This woman was practicing Kau Chim (求籤) at Wong Tai Sin Temple (黃大仙祠) in Kowloon.
Kau Chim translates as 'beseech inscribed bamboo stick', or literally 'beg a stick', in which a supplicant requests an answer from a deity.
The Chim Tung (簽筒), cylindrical cup, holds up to 100 flat sticks, each inscribed with a different number. After completing prayers to the prime deity Wong Tai Sin (黃大仙), the petitioner 'purifies' the cup by circling an incense burner three times and hand-mixing the sticks.
Next, the petitioner kneels, grasping the cup between the palms and asking his or her question (can be done aloud or in a whisper) while gently shaking the cup pointed slightly downward, until at least one sticks falls to the ground. The number on the stick indicates an answer, which the petitioner compares with the one hundred responses written on oracle paper.
To confirm the answer, the petitioner will throw two Gaau Bui (筊杯), literally 'bamboo cups', small wooden blocks flat on one side and rounded on the other. If the blocks land one round side and one flat side up, the answer is yes. If the blocks land with both round sides up, the answer is no. Two flat sides up means the deity is laughing at the question (or the supplicant because he or she already knows the answer), in which case the petitioner may then choose to ask again for a fortune. Occasionally a successful request may require further interpretation from a temple priest or fortune teller.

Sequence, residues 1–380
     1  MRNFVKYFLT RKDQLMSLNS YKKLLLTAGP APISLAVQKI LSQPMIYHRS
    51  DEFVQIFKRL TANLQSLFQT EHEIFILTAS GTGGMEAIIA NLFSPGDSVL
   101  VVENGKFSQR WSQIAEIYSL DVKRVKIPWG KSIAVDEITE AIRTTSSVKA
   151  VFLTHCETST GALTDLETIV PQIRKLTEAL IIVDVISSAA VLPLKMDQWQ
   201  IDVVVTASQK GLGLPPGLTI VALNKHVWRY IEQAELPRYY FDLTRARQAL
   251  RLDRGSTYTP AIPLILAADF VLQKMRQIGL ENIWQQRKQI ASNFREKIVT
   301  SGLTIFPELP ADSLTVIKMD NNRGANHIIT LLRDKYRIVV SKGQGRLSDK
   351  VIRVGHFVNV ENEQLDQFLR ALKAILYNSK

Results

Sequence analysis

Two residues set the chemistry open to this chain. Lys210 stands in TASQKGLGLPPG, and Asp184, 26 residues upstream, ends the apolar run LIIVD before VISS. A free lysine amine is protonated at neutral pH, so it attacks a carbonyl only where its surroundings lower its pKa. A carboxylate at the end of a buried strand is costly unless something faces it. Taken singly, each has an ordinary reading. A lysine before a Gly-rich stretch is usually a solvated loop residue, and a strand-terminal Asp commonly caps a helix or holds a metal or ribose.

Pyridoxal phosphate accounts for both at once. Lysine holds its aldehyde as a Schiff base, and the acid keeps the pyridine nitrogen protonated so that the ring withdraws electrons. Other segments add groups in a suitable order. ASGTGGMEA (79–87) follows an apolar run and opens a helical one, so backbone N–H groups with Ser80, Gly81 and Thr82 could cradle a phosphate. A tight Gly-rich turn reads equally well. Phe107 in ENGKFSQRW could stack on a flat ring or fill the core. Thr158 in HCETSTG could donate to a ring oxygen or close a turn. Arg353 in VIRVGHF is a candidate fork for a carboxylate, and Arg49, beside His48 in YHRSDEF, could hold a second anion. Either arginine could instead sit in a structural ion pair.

Should multiple sticks fall from the cup when shaking, that fortune doesn't count and the sticks must be replaced and shaken again until only a single stick is ejected.
This woman is holding Stick 49, which according to traditional interpretation means: "A dramatic change is about to occur in your life - whether this is for good or bad depends on your actions. Be prepared for things to change completely, and learn to adapt with circumstances. While you may have difficulties forming new relationships, existing ones will probably be successful. Business deals will probably be delayed for some time but will prove profitable in the end."
So if at first you don't succeed, try try again.
Big White Guy is the personal web site of Randall van der Woning, who hails from Canada but has lived in Hong Kong with his wife Mabel for the past 16 years. Randall is a photographer, photography teacher, and writer.
Seriously ... Big White Guy? The nickname was given in Canada but was shortened to BWG, because this wouldn't be the Internet if we didn't initialise everything.
Warm & Fuzzy 稱讚
"You've provided me a mirror of sorts about my culture's idiosyncrasies ... and a lot of laughs along the way."